Hours before children across Clark County toured their neighborhoods dressed as ghouls, superheroes and pop culture icons in search of candy, many wore colorful outfits to their schools.
Most Clark County school districts allow students to dress up in observance of Halloween, as long as their costumes are not too revealing, don’t contain weapon look-alikes, or suggest gang affiliation. Ridgefield does not allow costumes because the schools do not single out holidays for celebration, officials said.
Halloween costumes caused minimal disciplinary issues Monday, said officials whose districts allowed them. In many locales, the number of middle- and high-school students wearing Halloween costumes paled in comparison to those who participated in school spirit days in prior weeks, officials added.
At Washougal’s Hathaway Elementary School, students were outfitted as monsters, princesses and Batman’s nemesis, The Riddler.
First-grade teacher Chera Thompson dressed as a red M&M. Among the costumes students wore, she liked arcade character Pac-Man the best.
“It’s just fun for the kids to take a break from the normal routine,” Thompson said of students dressing up. “They enjoy putting on the costumes once a year.”
Celebrating Halloween is a “long-held tradition” in Washougal, Superintendent Dawn Tarzian noted.
La Center also allowed costumes, though they had to fit within the school’s dress code. Elementary students were allowed to bring their costumes in a bag so they could wear them later in the school’s costume parade.
Dress-up events are not rare at the high school, Superintendent Mark Mansell noted.
La Center High School commemorated its recent homecoming week with a “Cowboys vs. Aliens” theme, in which students had the opportunity to wear different clothing on different days.
“When it’s time to work, it’s time to work,” Mansell said. “When it’s time to have fun, we have a little fun, too.”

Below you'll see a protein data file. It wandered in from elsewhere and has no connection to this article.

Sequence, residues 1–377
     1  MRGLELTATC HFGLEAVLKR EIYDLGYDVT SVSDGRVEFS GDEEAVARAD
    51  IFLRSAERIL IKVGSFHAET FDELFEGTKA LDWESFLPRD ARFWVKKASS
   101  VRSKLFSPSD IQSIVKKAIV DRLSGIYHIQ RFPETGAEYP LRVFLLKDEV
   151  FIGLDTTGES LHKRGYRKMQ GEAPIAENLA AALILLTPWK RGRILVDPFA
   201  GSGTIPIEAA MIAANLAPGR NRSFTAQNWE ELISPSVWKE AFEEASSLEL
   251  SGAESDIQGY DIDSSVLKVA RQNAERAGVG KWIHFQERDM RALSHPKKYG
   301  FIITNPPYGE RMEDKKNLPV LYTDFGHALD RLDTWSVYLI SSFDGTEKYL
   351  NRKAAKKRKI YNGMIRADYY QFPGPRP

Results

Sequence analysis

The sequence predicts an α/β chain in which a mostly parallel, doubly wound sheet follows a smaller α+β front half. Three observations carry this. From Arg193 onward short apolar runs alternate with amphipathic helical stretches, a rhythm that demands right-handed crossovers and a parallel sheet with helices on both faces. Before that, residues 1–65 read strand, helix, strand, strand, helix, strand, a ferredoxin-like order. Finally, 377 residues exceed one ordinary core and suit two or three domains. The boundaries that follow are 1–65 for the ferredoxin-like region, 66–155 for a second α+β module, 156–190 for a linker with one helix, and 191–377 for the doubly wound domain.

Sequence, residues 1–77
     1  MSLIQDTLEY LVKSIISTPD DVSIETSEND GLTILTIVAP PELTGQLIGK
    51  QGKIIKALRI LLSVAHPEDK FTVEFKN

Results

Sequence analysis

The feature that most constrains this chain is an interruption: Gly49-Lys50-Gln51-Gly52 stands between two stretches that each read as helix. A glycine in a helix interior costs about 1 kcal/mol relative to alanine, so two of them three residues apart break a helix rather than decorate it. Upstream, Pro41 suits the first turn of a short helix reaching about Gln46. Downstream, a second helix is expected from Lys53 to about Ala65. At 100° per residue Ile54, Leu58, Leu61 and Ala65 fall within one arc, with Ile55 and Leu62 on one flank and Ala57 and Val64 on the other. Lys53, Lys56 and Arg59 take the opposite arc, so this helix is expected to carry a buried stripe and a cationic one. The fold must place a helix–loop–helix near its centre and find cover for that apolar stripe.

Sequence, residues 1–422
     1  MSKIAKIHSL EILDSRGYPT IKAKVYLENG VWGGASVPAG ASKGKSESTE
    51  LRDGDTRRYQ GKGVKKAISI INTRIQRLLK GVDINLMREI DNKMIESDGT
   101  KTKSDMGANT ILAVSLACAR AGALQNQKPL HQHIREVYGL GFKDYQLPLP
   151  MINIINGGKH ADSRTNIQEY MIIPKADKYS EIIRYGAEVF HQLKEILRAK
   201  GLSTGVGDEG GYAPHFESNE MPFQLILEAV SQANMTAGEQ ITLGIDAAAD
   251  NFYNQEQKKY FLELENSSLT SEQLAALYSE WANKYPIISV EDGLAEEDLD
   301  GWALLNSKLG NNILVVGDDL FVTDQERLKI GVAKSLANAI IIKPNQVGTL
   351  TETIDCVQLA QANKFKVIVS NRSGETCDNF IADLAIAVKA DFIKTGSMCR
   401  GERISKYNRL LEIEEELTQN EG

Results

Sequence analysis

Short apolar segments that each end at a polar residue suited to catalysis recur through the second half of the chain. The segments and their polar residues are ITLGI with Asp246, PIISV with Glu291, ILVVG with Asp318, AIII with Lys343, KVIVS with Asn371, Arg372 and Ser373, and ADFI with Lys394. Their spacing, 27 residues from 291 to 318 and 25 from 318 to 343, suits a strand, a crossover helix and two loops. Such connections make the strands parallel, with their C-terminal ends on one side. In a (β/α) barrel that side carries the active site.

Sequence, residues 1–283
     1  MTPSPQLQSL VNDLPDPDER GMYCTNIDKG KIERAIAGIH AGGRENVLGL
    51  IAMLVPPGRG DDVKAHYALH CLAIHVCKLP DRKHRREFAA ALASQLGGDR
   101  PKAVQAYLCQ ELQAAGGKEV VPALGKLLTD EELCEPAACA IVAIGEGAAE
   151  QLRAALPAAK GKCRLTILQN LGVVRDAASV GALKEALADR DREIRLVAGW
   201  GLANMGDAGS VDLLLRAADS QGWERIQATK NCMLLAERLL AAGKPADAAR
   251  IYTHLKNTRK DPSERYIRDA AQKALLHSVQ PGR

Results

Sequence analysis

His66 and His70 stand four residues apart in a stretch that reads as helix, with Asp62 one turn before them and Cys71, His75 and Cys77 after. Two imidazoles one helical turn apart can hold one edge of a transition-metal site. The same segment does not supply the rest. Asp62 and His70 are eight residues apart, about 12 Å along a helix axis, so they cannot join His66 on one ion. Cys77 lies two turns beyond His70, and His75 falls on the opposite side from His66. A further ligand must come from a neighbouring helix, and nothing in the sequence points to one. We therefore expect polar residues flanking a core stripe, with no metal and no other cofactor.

While the Camas School District does not have a policy banning Halloween celebrations, spokeswoman Doreen McKercher said she did not believe any of her district’s schools had Halloween festivities.
“For the most part we try to keep our kids focused on learning,” McKercher said. Individual schools do spirit-related dress-up days limited to school colors, she noted.
The individual schools have the option of allowing or disallowing costumes in Camas and Battle Ground, officials said.
“On the whole, costumes have not been much, if anything, of an issue,” Battle Ground spokesman Gregg Herrington wrote in an email.
The Vancouver school district told parents not to send their elementary students to school in costumes. However, the district allowed middle- and high-school students to dress up.
The reason elementary students are not permitted to wear costumes, spokeswoman Kris Sork said, was because “quite a few families from different cultures are uncomfortable with Halloween.” Most of the district’s elementary schools observe harvest festivals instead, she noted.
Ridgefield schools do not celebrate Halloween nor any other specific holiday, spokesman Eric Jacobson said.
Evergreen Public Schools did not return calls inquiring about its costume policy.
Photo editor Troy Wayrynen contributed to this report.